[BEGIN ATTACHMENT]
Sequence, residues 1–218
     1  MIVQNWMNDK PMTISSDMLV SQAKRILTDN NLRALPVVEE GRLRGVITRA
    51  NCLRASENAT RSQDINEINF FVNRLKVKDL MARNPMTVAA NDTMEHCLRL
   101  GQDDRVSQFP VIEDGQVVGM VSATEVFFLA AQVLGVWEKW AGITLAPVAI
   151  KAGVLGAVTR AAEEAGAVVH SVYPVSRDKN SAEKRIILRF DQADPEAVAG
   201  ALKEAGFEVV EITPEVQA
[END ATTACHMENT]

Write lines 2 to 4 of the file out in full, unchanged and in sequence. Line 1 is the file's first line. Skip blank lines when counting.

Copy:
     1  MIVQNWMNDK PMTISSDMLV SQAKRILTDN NLRALPVVEE GRLRGVITRA
    51  NCLRASENAT RSQDINEINF FVNRLKVKDL MARNPMTVAA NDTMEHCLRL
   101  GQDDRVSQFP VIEDGQVVGM VSATEVFFLA AQVLGVWEKW AGITLAPVAI